Governor O’Brien of BOE,3 who had been called earlier by Armstrong, joined the meeting. Deming repeated for O’Brien his assessment of countries which would hold rate and gave O’Brien list of countries who had offered credits totalling some $1375 million. O’Brien said “we” had felt U.K.’s short-term indebtedness already quite enough and felt they should not take on any more (this was in regard to defending old parity, not in new circumstances). O’Brien computed total short-term help now available at $3275 million, including 1375 bilateral credits as reported by Mr. Deming, 1400 from IMF stand-by, and 500 from U.K. dollar portfolio. O’Brien said he felt these countries should now come to him rather than he going to them, and he hoped to be taking [Page 589] telephone calls from them on Sunday. He said U.K. would declare bank holiday on Monday.
Discussion then reverted to timing of announcements. U.K. tentatively planning to make announcement at 9:30 PM Saturday but would much prefer to make it earlier if possible. However, must wait for IMF Executive Directors’ decision which Schweitzer said could not come before 7 PM London time and possibly not before 8 PM London time. Deming questioned need for such long period deliberation in IMF and thought timing could be pushed up. Armstrong said earlier announcement would be much better for press and TV coverage in UK. It was also tentatively agreed with U.S. Treasury that Secy Fowler would make announcement at 6 PM Washington time.4 In any event, however, U.K. would have to sustain selling pressure from Middle East markets which open on Saturday. U.K. would inform European countries of decision just before IMF meeting and Armstrong felt sure could not avoid some leak getting to Middle East countries. However, they were resigned to these losses and since Middle East banks had limitations on amount of dollar holdings, losses would be limited.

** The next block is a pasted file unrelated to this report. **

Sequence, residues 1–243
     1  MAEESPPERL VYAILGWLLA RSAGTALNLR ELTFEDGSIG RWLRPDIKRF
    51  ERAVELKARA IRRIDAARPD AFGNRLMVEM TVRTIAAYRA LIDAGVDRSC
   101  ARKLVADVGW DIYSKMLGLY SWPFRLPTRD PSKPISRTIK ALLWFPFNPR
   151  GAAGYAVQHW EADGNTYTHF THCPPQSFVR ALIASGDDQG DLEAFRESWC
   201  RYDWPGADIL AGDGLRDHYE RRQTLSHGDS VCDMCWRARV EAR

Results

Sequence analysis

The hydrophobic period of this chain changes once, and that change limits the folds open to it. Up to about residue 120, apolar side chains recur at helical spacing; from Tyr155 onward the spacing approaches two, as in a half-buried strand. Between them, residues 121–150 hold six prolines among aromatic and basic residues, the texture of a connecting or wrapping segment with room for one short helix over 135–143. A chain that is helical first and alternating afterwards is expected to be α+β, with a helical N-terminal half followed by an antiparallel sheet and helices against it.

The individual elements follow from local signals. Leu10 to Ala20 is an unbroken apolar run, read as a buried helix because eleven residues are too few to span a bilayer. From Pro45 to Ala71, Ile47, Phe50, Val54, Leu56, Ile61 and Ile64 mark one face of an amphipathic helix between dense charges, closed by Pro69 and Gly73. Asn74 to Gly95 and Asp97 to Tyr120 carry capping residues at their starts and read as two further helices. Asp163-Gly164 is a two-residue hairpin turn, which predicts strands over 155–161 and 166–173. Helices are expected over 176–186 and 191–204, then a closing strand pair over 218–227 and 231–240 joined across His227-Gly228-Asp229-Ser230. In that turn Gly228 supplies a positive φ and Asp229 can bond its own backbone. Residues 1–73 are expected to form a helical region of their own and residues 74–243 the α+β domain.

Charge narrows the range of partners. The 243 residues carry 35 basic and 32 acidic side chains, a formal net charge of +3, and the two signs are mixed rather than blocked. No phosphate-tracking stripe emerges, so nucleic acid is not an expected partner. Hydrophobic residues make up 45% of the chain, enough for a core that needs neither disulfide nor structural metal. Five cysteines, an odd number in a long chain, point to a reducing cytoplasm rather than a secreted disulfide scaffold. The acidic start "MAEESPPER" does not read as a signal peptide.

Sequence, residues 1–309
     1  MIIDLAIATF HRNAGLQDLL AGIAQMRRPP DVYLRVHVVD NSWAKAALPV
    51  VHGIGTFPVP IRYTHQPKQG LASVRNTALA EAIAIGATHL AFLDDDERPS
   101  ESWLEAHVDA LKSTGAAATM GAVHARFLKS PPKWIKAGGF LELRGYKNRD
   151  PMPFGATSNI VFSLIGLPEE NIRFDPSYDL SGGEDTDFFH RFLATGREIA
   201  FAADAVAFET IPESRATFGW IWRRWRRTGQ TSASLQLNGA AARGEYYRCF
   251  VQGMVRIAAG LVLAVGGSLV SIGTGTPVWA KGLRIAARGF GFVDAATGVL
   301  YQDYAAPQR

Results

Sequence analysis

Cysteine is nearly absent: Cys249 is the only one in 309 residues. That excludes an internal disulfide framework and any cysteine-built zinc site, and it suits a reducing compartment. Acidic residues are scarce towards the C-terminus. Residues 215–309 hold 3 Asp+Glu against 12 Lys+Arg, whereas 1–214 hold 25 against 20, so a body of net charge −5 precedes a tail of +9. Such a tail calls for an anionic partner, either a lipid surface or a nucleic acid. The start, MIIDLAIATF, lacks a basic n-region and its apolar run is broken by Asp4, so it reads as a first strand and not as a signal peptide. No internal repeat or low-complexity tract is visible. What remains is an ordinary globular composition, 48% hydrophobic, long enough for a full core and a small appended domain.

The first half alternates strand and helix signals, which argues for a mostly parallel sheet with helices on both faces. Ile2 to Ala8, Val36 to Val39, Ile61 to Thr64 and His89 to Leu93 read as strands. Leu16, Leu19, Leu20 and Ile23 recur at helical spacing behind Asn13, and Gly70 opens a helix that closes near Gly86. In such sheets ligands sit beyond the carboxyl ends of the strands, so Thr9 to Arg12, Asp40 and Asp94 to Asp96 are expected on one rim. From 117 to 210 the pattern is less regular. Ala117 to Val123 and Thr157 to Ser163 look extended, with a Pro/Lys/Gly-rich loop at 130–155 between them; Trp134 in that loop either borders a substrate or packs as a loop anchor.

Armstrong and O’Brien expressed gratitude to Deming for his efforts and for what he had reported to them. They also expressed their gratitude for U.S. Govt’s cooperation through entire crisis period and Fowler’s attitude, who as reported by U.K. Embassy Washington, received news “without animosity.”

  1. Source: National Archives and Records Administration, RG 59, Central Files 1967-69, FN 17 UK. Secret; Immediate; Exdis.
  2. No record of these conversations was found.
  3. Bank of England.
  4. For text, released November 19, see Department of State Bulletin, December 11, 1967, p. 793.